Notes (NET Translation)
1 Now when the Lamb opened the seventh seal there was silence in heaven for about half an hour.
Apparently even God and the heavenly worshipers are silent (cf. Rev 4:5, 8, 11; 5:9-14; 7:10, 12). The phrase “about half an hour” means a limited period. In Jewish literature silence was associated with coming divine activity or judgment (Ex 14:14; 1 Sam 2:9-10; 12:16; Pss 31:17; 115:17; Isa 47:5; Lam 2:10-11; Ezek 27:32; Amos 8:2-3; Hab 2:20; 3:3-6; Zech 2:13; Zeph 1:7-8, 11; 4 Ezra 6:39; 7:30; 2 Bar 3:7). Therefore, the silence in 8:1 should be taken as the anticipation of divine judgment. The judgment alluded to in the opening of the seventh seal follows the dissolution of the cosmos during the opening of the sixth seal (Rev 6:12-17). Verses 3-5, not the seven trumpets, are the content of the seventh seal and describe the judgment in symbolic language.
2 Then I saw the seven angels who stand before God, and seven trumpets were given to them.
Verse 2 interrupts 8:1, 3-5 (the seven trumpets are picked up again in verse 6). The phrase “the seven angels who stand before God” suggests the seven archangels of Jewish tradition are in view (Tob 12:15; 1 En 20:1-8; 40; 54:6; 71:8-9; 81:5; 87:2; 90:21-22; Jub 1:27, 29; 2:1-2, 18; 15:27; 31:14; T Levi 3:5; Pirke de Rabbi Eliezer 4; Lk 1:19). The passive verb in the phrase “seven trumpets were given to them” indicates that the angels were given the trumpets by God. Judgment was sometimes accompanied by trumpet blasts (Ezek 33:1-5; Zeph 1:14-16; 4 Ezra 6:23; Apoc Abraham 31; Sib Or 4:173-174; Mt 24:31; 1 Cor 15:52; 1 Thess 4:16).
3 Another angel holding a golden censer came and was stationed at the altar. A large amount of incense was given to him to offer up, with the prayers of all the saints, on the golden altar that is before the throne.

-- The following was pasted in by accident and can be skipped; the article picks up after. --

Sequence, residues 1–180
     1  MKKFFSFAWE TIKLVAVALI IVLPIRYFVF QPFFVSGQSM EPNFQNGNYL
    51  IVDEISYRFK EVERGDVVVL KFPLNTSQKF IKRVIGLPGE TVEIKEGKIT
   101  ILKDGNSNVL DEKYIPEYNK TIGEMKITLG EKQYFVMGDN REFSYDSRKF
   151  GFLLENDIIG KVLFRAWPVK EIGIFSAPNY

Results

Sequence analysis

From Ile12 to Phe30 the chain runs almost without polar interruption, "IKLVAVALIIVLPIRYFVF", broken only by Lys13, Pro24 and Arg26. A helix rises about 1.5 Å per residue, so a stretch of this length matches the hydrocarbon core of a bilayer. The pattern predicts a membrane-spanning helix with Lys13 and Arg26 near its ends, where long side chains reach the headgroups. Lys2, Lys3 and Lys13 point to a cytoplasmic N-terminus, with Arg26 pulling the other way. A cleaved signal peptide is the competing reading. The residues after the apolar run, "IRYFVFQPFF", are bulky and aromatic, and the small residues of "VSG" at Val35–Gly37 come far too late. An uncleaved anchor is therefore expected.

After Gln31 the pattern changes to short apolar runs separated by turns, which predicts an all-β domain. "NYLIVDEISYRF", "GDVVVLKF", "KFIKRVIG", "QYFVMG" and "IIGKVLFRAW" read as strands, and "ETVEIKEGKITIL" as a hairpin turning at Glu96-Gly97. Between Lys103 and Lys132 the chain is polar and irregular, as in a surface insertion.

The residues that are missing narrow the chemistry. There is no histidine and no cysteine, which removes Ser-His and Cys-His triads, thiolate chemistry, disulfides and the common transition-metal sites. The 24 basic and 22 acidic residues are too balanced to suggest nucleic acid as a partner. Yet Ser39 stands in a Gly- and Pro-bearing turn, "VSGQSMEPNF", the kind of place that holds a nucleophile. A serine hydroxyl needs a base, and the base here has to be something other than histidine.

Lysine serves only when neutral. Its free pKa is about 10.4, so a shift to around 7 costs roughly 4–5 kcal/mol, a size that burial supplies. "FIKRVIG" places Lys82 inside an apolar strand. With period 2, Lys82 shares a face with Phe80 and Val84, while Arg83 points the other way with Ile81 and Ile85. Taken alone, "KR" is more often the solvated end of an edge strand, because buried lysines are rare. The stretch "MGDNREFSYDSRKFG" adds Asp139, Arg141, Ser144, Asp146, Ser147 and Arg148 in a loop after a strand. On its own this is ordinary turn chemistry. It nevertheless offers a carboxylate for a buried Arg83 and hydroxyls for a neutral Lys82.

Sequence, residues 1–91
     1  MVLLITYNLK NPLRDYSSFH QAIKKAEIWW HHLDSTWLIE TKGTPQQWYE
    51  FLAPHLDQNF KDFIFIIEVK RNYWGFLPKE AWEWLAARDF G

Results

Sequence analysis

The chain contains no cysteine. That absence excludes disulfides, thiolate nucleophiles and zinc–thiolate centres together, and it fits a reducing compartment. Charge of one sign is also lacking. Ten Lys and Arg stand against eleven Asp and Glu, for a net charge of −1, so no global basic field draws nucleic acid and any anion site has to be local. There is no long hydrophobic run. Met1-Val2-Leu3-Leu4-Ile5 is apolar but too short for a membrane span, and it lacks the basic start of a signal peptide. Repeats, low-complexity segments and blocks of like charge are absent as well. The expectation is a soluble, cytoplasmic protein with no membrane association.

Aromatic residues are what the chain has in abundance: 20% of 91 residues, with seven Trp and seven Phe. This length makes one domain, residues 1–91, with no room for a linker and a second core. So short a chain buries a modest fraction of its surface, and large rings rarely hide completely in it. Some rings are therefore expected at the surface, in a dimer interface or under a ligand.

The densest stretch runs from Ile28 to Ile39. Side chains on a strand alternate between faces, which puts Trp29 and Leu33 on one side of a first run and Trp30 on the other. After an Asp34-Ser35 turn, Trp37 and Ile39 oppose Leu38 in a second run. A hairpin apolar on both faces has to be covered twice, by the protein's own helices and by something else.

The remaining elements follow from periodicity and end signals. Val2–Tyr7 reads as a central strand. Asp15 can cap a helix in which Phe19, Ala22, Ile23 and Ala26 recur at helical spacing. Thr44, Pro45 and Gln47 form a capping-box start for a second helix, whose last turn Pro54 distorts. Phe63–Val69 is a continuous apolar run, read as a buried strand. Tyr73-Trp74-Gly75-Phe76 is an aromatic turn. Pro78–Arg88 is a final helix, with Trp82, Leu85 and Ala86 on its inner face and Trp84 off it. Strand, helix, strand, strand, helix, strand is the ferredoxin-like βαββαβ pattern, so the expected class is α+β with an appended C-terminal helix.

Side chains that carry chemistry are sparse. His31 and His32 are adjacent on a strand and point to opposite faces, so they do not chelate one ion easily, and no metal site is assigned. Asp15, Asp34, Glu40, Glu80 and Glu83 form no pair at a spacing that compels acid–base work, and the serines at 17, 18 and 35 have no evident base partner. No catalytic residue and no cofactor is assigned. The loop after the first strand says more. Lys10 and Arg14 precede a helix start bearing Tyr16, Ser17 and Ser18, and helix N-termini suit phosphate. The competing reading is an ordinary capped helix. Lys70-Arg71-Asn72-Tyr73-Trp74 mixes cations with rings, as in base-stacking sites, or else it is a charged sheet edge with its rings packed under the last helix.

Verse 3 seems to continue from 8:1, meaning it is a continuation of the final punishment. A censer “was an open-topped pan made of bronze (in the tabernacle, Exod. 27:3) or gold (in Solomon’s temple, 1 Kings 7:50) used to carry live coals from the altar of burnt offering for making sacrifices (Lev. 16:12), and often incense would be placed on these coals in the censers and offered before the Lord (Num. 16:6-7)” (Osborne 344). The “altar” is the altar under which the persecuted saints were standing and petitioning God to punish their persecutors (Rev 6:9-10). However, this verse mentions the prayers of all the saints. “Most likely, the language emphasizes the imprecatory prayers within the general category of all the prayers of the saints” (Osborne 345). Verse 5 forms an answer to the prayers.
4 The smoke coming from the incense, along with the prayers of the saints, ascended before God from the angel’s hand.
The petition from 6:10 is now being formally presented to God by the angel. At the same time the incense/prayers were given to the angel by God (8:3). Thus, the angel is performing his divinely commissioned role. The phrase “ascended before God” indicates that the prayers were accepted by God (Ps 141:1-2).
5 Then the angel took the censer, filled it with fire from the altar, and threw it on the earth, and there were crashes of thunder, roaring, flashes of lightning, and an earthquake.
In response to the prayer of the saints God has the angel execute judgment on the earth (cf. Ezek 10:2-7). The phrase “crashes of thunder, roaring, flashes of lightning, and an earthquake” mirrors the description of final judgment in 11:19 and 16:18 (cf. 4:5). In fact, the description of final judgment gradually grows through 8:5; 11:19; and 16:18. Hence, we should not take the description here as being exhaustive. The main point is that God is making his presence felt in order to act for his people (cf. Ex 19:16-25; Pss 68:8; 77:17-18; Isa 64:1-3; 1 En 1:3-9; 102:1-2; T Mos 10:1-7; 2 Bar 32:1).
Beale, G. K. The Book of Revelation. New International Greek Testament Commentary. Wm. B. Eerdmans Publishing Co., 1998.
Boxall, Ian. Revelation of Saint John, The. Black’s New Testament Commentary. Baker Academic, 2009.
Fee, Gordon D. Revelation. Kindle ed. New Covenant Commentary Series. Cascade Books, 2010.
Mounce, Robert H. The Book of Revelation. Revised. The New International Commentary on the New Testament. Wm. B. Eerdmans Publishing Company, 2010.
Osborne, G. R. Revelation. Baker Exegetical Commentary on the New Testament. Grand Rapids, MI: Baker Academic, 2002.